Could I have rewritten my stories to lessen or eliminate the profanity? I suppose so. And many very good writers are able to do so. But I faced a choice many storytellers face, and I chose to hold a magnifying glass up to imperfect people and show them, warts and all. I think they're still likeable in spite of their flaws.

I understand the dilemma of a sensitive genre reader trying to make wise choices and find fiction that appeals to them. I don/'t hold those choices against them. Just consider that the storyteller faced their own dilemma, and simply made a choice that doesn't appeal to you. And that's okay.

Haunting Blue Book Synopsis: Punk, blue-haired “Blue” Shaefer, is at odds with her workaholic single mother. Raised as a city girl in a suburb of Indianapolis, Blue must abandon the life she knows when her unfeeling mother moves them to a dreadful small town. Blue befriends the only student willing to talk to her: computer nerd “Chip” Farren.

Chip knows the connection between the rickety pirate boat ride at the local amusement park and the missing money from an infamous bank heist the townspeople still talk about. When Blue helps him recover the treasure, they awaken a vengeful ghost who’ll stop at nothing--not even murder--to prevent them from exposing the truth behind his evil deeds.

Haunting Blue is Book One of the Adventures of Blue Shaefer

Purchase Haunting Blue from Amazon for Kindle or Paperback

About RJ Sullivan: Haunting Blue is the first book of the adventures of punk girl Fiona “Blue” Shaefer. This is the 2014 revised edition by Seventh Star Press. Seventh Star also released Haunting Obsession, a Rebecca Burton Novella, and Virtual Blue, the second book in Fiona’s tale. R.J.’s short stories have been featured in such acclaimed collections as Dark Faith: Invocations by Apex Books and Vampires Don’t Sparkle. His newest project is the Red Lotus series of science fiction novelettes.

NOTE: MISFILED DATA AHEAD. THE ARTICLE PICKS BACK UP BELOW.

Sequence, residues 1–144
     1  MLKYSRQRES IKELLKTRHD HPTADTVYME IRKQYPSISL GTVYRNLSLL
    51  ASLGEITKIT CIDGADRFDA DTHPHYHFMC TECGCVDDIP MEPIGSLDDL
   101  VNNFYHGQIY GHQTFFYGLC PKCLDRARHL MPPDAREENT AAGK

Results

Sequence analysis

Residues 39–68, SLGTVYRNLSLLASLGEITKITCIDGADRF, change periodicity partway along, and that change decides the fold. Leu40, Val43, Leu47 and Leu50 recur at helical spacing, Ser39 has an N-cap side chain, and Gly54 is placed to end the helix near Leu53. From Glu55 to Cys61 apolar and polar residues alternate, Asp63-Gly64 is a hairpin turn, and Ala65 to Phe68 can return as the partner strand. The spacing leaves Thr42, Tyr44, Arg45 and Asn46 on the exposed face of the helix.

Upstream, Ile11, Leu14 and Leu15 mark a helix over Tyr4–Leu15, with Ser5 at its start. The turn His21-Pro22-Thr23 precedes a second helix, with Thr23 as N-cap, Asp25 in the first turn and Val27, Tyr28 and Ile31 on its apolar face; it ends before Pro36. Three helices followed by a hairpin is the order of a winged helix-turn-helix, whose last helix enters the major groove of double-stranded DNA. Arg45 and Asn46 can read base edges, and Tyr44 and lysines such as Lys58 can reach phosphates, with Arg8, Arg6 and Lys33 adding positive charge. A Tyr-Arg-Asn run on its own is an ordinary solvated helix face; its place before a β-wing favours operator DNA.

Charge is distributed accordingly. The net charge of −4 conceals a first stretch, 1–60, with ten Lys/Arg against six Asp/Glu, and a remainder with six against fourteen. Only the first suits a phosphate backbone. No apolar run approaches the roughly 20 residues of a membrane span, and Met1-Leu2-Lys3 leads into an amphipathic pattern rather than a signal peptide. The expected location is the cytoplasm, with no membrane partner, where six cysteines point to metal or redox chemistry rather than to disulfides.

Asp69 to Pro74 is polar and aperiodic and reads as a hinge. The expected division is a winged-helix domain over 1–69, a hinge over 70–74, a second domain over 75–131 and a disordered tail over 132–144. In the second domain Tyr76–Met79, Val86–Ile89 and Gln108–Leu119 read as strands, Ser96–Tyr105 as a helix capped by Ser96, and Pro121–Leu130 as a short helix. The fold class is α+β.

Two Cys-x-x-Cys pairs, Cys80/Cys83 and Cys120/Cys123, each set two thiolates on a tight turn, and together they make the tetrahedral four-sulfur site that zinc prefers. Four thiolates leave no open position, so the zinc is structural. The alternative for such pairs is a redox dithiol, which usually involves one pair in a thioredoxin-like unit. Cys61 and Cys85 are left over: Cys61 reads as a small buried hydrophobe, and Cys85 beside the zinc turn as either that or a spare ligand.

R.J. resides in Heartland Crossing, Indiana. He drinks coffee from a Little Mermaid mug and is man enough to admit it. www.rjsullivanfiction.com

Connect with RJ: Facebook * Twitter * Goodreads

Find more books on the Amazon author page for RJ Sullivan

Amazon Affiliate Links are used within this post. That means when you click through and purchase something (anything!) from Amazon I earn a *small* percentage of the sale. It never costs you any extra but it helps me keep this site running.

Thursday, June 19, 2014

What is happening at Monkey Do Project?

Monkey Do Project logo

Monkey Do Project is one of my favorite non-profit organizations. I know the founder and members of the board and see how dedicated they are to helping the people of Appalachia. They give back because they feel strongly drawn to do so and they truly care about the people they are helping. At any given time Monkey Do Project has several different projects going to meet the needs of people in different parts of Appalachia. Here are the current needs:

Summer Starvation/Filling the Food Banks - Did you know that 6 out of 7 kids who rely on the school lunch program during the year do not have access to regular meals during the summer? Food banks and other food programs are important all year long but children need them even more in the summer time. Monkey Do Project has pledged to fill a food bank in Clay, WV, provides food for a weekend backpack program, and has pledged to feed kids this summer.